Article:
Nov. 17, 2009
http://billingsgazette.com/news/state-and-regional/wyoming/article_74a169ae-d33c-11de-8e4e-001cc4c03286.html Sharon Burrer gives her daughter, Kayah, a kiss in their home Monday. Kayah’s hand was removed when their pit bull chased a cat in their neighborhood while Kayah was hanging onto the dog’s collar. A SMALL CHILD LOSES HER HAND BECAUSE A PIT WANTED TO KILL A CAT!!!

March 30, 2010
http://www.wyomingnews.com/articles/2010/03/30/news/01top_03-30-10.txt CHEYENNE -- A 10-year-old boy is home recovering from surgery after a neighbor's pit bull attacked him and bit his leg last week.This is the second time the dog has attacked the child in the last year.Last Thursday, William Wyatt Kunert was on his family's porch at 599 E. Fifth St., in south Cheyenne, getting ready to ride his bike with some other neighborhood kids. His 2-year-old brother, Jordan Martinez, was beside him at the doorway.That's when the neighbor's pit bull, which lived two doors down the street, "jumped its 4-foot fence and came straight at my son," Wyatt Kunert's mother, Lindsay Kunert, said.Wyatt pushed his brother out of the way and tried to slam the screen door closed, she said. But he closed the door on the dog, with its head and shoulders inside the home.The dog got hold of Wyatt left thigh from behind, dragged him outside and started shaking his leg violently, she said. She grabbed the dog's collar and tried to get the dog to let go of her son, but couldn't."I was just screaming," she said.The owners of the dog then ran over to help and punched the dog in the head until it let go, she said. It took about three or four minutes before it finally let go.As soon as she realized how bad her son's injury was, she called 911."(The wound) was the size of my fist, and I could see bone," she said.Wyatt Kunert was taken to the hospital in an ambulance and then to surgery to repair his muscle fibers and stitch him up.He was released Friday afternoon. Doctors told Lindsay Kunert that her son should recover fully within about a month, but he will always have a scar.The owners of the dog have surrendered it, and it is currently at the Cheyenne Animal Shelter under observation to be sure it doesn't have rabies.Around the same time last year, the same dog attacked Wyatt as he was walking his bike home from school.That time, the dog bit his face around his eyes and cheeks, causing him to need several stitches and leaving scars."Animal Control was called at that time," Lindsay Kunert said.Court records show the dog's owner, Duane Padilla, was cited the first time, in April 2009, for keeping a vicious animal. He paid the fine and never went to court.Lindsay Kunert said she didn't pursue a lawsuit because she hoped her neighbors would make good on promises to pay her for her lost wages. They didn't, she said.This time, Padilla and a co-owner of the dog have been cited for keeping a vicious animal and for not having proper vaccinations for the dog.Lindsay Kunert said a lot could have been done to prevent the second attack. She said she feels Animal Control failed to follow up after the first attack, which allowed a dangerous dog to live in a neighborhood.Whether an animal is impounded after it bites someone is left up to the discretion of the Animal Control officer who responds.In this case, the officer issued a ticket after the dog attacked Wyatt the first time, but did not impound the dog or follow up on whether it had been properly vaccinated.It is still unknown whether the dog was properly vaccinated at that time, said Rick Collard, the executive director of the Cheyenne Animal Shelter."Based on what I can see ... we did what we were supposed to do," Collard said of the first attack.It is certain, he added, that the dog was not vaccinated when it bit Wyatt last week.Now, because the owners surrendered the dog, it's up to Animal Control to decide what to do with it. The shelter doesn't adopt out vicious dogs, so it will be euthanized, Collard said.Padilla expressed regret about what he called an "unfortunate accident" when visited at his home on Monday."I'd rather get hit by a car myself than have that kid go through that," he said.There was a 4-foot chain link fence around the property and two "beware of dog" signs posted. Several small bicycles were in the yard.There was another pit bull on the property, but Collard said that is not a concern for Animal Control."That (other) one didn't do anything," he said. "Dogs aren't any different than people. Certain dogs will do certain things, and other dogs won't."Lindsay Kunert said she plans to get a lawyer this time."We may never see a dime, but it's just the principle of it," she said. "I'm going to make it my mission to try to make some changes to laws in town." BET THE ANIMAL CONTROL OFFICER IS A PIT BULL OWNER.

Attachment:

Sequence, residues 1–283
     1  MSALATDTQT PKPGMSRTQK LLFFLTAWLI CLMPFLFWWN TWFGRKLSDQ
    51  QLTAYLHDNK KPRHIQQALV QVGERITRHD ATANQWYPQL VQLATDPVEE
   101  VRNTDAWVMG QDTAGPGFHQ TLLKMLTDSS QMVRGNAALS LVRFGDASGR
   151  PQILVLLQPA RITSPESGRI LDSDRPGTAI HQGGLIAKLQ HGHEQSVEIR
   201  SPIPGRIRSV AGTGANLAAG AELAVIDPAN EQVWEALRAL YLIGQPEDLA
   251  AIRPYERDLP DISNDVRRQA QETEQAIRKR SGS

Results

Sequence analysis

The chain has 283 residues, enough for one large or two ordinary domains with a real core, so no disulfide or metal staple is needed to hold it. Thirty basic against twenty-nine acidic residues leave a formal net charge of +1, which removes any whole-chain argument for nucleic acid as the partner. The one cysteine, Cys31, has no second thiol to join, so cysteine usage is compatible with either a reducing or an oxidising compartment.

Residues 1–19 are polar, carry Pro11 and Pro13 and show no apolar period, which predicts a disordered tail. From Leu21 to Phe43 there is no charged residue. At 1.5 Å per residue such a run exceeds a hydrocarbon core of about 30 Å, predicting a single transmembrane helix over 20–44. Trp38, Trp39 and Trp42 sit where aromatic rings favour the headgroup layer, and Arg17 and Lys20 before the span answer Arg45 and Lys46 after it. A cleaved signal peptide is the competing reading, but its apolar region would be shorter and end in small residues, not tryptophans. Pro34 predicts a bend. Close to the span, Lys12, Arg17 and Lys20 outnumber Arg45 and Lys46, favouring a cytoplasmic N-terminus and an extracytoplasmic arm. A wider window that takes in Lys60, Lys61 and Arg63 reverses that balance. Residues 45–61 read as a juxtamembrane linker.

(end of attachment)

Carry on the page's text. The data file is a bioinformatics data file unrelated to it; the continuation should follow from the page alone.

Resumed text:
April 2, 2010
http://www.wyomingnews.com/articles/2010/04/02/news/18local_04-02-10.txt CHEYENNE - A city police officer shot and killed a dog that the department said attacked a man Wednesday afternoon in the 500 block of Thomes Avenue.Police said officers found the injured man and searched the nearby neighborhood, according to a statement released Thursday.The department said officers attempted to corral the dog, a pit bull, into a safe area and that it attempted to attack an officer. Police said the officer then shot and killed the dog.The dog's owner could not be determined, and police are presuming it is a stray, according to the statement.The case remains under investigation by Animal Control. TWO ATTACKS IN THREE DAYS AND ANIMAL CONTROL IS A PIT NUTTER.